The angel’s book is blue and dense and God knows the book,
which is nailed to the sky.
The angel is my friend and yet to say he has a good heart
is to be a poor physician,
for his wings are in his dodgy chest, speedy wings that beat
to a bad time.
His wings are all he’s put away. His papers sit on rock and bog
and wind and desk,
on every noun in the world, even the flimsy nouns of the mind.
We all have dead friends, but he has more, and his big book
is the chronicle of harm.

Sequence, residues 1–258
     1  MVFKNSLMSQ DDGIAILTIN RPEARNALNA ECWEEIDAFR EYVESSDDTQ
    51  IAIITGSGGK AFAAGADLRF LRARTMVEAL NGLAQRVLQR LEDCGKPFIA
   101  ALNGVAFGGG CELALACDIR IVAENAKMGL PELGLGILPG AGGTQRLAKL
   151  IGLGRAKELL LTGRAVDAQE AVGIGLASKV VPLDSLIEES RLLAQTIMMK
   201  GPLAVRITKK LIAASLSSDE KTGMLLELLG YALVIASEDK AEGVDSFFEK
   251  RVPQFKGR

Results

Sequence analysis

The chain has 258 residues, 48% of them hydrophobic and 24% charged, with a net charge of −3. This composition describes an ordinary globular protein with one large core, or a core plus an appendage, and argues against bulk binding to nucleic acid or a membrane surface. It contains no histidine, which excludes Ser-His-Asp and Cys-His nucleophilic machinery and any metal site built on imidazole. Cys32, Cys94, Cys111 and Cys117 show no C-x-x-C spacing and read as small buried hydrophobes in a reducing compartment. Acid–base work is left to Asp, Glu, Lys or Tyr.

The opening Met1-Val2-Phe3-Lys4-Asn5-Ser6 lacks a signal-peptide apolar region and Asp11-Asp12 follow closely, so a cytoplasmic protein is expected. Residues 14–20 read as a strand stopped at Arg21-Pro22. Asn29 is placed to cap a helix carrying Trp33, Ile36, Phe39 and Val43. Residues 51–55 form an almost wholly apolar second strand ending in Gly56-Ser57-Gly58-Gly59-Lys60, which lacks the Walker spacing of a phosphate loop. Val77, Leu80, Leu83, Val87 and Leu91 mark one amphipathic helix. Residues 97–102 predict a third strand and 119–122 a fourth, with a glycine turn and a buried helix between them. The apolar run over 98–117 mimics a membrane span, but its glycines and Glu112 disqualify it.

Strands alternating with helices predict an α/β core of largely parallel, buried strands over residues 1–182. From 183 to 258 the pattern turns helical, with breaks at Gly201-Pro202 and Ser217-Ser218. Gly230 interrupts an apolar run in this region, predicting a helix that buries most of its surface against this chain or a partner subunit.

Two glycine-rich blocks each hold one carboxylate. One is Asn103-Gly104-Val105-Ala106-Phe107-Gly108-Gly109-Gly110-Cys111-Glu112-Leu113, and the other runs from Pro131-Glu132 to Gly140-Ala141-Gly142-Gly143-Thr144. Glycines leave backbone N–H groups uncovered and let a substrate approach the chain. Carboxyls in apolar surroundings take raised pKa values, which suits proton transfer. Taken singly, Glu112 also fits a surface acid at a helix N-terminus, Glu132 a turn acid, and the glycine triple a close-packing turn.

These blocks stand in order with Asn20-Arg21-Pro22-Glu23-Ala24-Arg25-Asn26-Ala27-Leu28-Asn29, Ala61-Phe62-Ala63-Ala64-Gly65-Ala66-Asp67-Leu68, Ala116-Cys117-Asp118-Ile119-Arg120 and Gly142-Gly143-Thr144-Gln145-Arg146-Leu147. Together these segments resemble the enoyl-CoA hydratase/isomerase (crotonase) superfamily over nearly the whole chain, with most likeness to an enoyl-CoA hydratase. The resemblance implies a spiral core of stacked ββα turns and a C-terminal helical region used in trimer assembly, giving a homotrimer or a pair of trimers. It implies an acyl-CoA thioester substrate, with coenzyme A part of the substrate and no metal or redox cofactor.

Like his heart’s flutter and his room’s clutter, this book is his burden,
and he has kept me out
using charm and guile and even lies, and I was grateful for my
I was surprised.
To know the angel is to sense that you are gone. But to love him is
what isn’t gone
like the world, the word and this angel who is fragile and who claims
no generosity, but is wrong.